Gowri Puja: All the women of both the houses pray to Goddess Gowri. The bride invokes Goddess Gowri and prays for the welfare of her would-be. The bride also gives ‘Bagana’ to the ‘Muttaide'(s) of the groom’s house. Giving Bagana is a means of seeking blessings from the elderly married women who’ve had successful married lives.
Kanyaadaana: The complexity of an Indian Hindu marriage is owing to the fact that there are many rituals performed according to Vedic practices and hymns. Kanyadaana is also such a ritual, which apart from being vital to the ceremony, tugs at the emotional cord of the bride’s parents. This is the moment when their beloved daughter finally belongs to her husband. Kanyadaana is performed on the main day function of the wedding. It is performed by the Father of the bride, where in he entrusts his daughter to the groom. In the absence of the father, Kanyadaana is performed by an elderly relative or member of the family. The bride is carried to the Mantapa by her maternal uncle. The bride and the groom are made to stand facing each other and a white cloth is tied between them to obstruct the view. As per the practice, the father of the bride places the right hand of the bride over the right hand of the groom. Sri Lakshmi Narayana idol is kept along with a coconut on top of the bride & groom’s palm.Then the father of the bride pours out a libation of sacred water symbolizing the giving away of the daughter to the bride groom. As a condition for offering his daughter for marriage, the father of the bride requests a promise from the groom for assisting the bride in realizing the three ends: Dharma, Artha, and Kama. The groom makes the promise by repeating three times that he will not fail the bride in realizing Dharma, Artha and Kama. After this, the priest recites Vedic hymns. This way the father gives her daughter as a gift to the groom. As per tradition, groom is considered a form of Lord Vishnu. Thus, presenting him gifts is deemed as the greatest honour for the parents of the bride. As a result, they offer their daughter to the groom, who is their most cherished gift. As a symbol of acceptance, the groom touches the right shoulder of the bride, promising to take care of her and holding her responsibility.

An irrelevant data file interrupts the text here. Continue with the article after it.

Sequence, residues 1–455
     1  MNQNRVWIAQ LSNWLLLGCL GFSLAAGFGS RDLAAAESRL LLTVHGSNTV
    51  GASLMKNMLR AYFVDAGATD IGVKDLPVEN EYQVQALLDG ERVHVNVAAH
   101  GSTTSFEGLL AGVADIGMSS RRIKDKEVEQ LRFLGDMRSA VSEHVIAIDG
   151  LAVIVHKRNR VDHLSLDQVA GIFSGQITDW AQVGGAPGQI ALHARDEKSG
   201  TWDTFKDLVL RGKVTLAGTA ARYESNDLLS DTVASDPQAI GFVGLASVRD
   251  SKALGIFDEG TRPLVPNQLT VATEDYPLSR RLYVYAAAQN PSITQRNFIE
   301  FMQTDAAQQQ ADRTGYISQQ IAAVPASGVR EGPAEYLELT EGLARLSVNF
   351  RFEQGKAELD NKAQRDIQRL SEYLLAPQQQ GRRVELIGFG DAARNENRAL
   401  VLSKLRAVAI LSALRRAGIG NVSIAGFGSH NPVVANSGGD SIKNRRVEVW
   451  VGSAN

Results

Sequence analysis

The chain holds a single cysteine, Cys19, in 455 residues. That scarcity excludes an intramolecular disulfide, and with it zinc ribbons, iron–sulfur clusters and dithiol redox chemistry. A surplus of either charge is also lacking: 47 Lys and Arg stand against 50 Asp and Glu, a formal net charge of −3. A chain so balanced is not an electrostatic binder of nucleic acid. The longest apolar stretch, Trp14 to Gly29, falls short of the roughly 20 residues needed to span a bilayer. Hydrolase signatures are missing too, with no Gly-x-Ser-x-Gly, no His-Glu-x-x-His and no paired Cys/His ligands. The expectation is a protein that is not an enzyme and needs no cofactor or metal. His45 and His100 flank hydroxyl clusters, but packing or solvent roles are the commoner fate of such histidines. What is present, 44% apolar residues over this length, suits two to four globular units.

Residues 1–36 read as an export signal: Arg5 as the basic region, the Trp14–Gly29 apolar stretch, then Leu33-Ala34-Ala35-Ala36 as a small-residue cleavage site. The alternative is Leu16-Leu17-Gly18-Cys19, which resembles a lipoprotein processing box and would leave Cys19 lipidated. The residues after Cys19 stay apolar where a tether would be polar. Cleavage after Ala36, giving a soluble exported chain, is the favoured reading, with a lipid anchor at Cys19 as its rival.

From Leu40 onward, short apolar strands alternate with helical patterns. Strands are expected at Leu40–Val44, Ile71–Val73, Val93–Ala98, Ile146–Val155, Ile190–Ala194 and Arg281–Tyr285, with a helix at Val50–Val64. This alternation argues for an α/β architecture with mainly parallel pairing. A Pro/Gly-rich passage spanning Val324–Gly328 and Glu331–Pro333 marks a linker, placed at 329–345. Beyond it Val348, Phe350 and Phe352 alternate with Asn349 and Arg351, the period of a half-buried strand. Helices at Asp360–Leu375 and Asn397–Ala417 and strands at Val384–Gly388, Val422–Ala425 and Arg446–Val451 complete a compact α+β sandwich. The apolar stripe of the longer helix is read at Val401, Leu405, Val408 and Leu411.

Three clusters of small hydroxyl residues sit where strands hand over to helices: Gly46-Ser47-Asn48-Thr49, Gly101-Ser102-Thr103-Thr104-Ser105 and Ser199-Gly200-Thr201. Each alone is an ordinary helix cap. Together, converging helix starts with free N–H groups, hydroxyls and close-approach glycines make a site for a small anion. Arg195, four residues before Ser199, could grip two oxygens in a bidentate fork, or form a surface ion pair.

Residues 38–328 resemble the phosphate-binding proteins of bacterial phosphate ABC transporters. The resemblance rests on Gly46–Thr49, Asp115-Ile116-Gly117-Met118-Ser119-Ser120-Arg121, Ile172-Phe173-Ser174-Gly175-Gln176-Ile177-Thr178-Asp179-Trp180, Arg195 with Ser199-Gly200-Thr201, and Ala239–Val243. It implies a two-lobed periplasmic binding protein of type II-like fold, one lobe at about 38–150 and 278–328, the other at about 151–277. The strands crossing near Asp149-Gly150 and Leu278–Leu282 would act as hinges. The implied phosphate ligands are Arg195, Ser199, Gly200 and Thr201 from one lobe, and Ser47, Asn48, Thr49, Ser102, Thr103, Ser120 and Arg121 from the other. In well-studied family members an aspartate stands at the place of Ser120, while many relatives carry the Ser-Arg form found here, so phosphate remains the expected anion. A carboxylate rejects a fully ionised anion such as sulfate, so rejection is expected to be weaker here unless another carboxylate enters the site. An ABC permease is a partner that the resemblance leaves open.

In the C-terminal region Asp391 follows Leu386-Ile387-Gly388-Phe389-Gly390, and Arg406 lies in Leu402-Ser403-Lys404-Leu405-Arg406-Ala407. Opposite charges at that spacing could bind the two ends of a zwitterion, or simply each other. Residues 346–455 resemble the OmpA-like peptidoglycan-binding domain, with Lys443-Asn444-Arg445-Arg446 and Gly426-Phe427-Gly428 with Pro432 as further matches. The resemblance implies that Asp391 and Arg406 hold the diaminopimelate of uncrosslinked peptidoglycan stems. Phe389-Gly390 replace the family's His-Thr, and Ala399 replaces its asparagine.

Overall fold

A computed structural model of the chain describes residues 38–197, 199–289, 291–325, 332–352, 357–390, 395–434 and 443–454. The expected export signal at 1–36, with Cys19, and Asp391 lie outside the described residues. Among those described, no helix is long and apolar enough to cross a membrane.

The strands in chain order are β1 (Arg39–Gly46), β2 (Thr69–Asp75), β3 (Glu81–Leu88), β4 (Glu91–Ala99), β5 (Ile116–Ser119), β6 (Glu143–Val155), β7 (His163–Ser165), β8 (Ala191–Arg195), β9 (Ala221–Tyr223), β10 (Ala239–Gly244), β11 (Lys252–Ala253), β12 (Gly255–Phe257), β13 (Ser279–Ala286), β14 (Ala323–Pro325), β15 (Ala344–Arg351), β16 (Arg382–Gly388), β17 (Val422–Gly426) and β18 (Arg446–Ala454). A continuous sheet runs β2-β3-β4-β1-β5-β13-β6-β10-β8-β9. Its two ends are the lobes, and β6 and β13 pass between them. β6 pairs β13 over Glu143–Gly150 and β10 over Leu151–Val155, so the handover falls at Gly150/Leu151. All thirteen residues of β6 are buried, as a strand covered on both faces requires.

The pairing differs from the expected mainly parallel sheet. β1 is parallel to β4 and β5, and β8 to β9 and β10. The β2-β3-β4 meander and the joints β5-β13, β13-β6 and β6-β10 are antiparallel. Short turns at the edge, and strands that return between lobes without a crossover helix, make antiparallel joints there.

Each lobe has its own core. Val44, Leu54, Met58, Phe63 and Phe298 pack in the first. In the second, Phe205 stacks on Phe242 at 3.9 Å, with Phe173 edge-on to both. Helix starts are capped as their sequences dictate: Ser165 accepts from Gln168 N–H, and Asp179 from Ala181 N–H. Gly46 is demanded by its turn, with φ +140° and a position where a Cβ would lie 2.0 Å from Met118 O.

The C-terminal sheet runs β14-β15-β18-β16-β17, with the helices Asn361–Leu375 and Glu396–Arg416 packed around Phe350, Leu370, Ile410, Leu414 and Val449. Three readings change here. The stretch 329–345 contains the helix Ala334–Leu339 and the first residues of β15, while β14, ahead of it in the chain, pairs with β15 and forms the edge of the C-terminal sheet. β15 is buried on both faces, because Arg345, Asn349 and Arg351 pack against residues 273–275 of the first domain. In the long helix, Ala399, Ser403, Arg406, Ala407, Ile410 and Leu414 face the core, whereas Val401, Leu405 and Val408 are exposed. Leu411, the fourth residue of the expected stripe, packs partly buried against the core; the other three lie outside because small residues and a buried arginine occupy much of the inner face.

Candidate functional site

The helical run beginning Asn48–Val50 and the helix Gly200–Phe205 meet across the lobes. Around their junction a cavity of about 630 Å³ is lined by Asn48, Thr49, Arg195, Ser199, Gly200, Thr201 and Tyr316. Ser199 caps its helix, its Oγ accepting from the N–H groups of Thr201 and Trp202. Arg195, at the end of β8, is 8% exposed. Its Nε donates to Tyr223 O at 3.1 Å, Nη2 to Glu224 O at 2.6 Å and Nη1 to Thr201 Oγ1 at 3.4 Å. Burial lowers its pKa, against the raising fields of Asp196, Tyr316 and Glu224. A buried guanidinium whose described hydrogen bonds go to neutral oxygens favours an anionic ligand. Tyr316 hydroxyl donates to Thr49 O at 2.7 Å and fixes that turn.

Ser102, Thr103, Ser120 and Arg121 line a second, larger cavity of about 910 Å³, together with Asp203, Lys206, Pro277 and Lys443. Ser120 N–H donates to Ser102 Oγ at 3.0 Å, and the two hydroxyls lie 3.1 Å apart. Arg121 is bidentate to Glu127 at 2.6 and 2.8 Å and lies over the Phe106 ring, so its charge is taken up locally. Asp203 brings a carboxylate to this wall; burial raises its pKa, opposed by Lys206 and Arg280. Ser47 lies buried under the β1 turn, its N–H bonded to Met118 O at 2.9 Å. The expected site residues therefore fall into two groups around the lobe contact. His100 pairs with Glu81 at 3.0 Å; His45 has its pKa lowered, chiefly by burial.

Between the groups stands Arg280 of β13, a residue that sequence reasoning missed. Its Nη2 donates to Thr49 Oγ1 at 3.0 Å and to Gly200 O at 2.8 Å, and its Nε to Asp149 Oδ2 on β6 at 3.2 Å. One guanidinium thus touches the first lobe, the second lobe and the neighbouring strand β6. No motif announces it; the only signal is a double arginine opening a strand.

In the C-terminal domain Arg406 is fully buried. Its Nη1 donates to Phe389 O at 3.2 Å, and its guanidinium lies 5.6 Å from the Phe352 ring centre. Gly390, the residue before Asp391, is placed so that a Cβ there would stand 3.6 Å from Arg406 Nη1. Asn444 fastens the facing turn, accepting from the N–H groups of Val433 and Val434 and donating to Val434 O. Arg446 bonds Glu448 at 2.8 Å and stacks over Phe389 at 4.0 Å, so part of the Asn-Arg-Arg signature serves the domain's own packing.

Maangalya Dhaarana: Amidst chanting of vedic hymns, the groom ties the knot to bride. In Hindu weddings, one of the most sacred customs is of tying mangalsutra. It is basically a black and gold beaded necklace with a gold or diamond pendant. Mangalsutra carries immense importance in Hindu weddings as well as in the lives of Hindu married women. A mangalsutra is tied around the neck of the bride by the groom during the wedding rituals. It is a symbol of marriage. The word mangalsutra can be deciphered as ‘sacred thread or cord’; as ‘mangal’ means auspicious and ‘sutra’ means thread or cord. Though in appearance it looks like a jewellery item, it is definitely much more than that. The concept is thought to have originated in South India, where it is known as thali or thaali or maangalya. It is a yellow thread painted with turmeric paste and is tied around the bride’s neck with three knots. It has a great importance in Indian tradition.Its believed that Godess Shri Mahalakshmi resides in the Thali and protects the marriage from any evil.
- The first knot represents her obedience to the husband.
- The second to parents.
- The third represents her respect for God.
It depicts the union of the husband and the wife and protects them from evil. Whatever might be the meaning, mangalsutra occupies a significant position in Hindu marriages and rituals. Not to forget, women have become quite flexible nowadays, in relation with the custom of wearing mangalsutra. Apart from the mangalsutra, the Toe rings, the Kumkuma, bangles and nose ring are also offered to the bride. All these ceremonies are performed in front of Homa Kunda. Agnideva the fire God, is evoked to witness the proceedings. The priest lights a sacred fire in the presence of the bride and groom.
Bride: I am responsible for the home and all household responsibilities.
Bride: I will be by your side as your courage and strength. I will rejoice in your happiness. In return, you will love me solely.
3. With this third step be my prosperity
Groom: May we grow wealthy and prosperous and strive for the education of our children. May our children live long.
Bride: I will love you solely for the rest of my life, as you are my husband. Every other man in my life will be secondary. I vow to remain chaste.
Bride: I will shower you with joy, from head to toe. I will strive to please you in every way I can.
Bride: I promise to love and cherish you for as long as I live. Your happiness is my happiness, and your sorrow is my sorrow. I will trust and honor you, and will strive to fulfill all your wishes.
Bride: I will always be by your side.
Bride: As God is witness, I am now your wife. We will love, honor and cherish each other forever.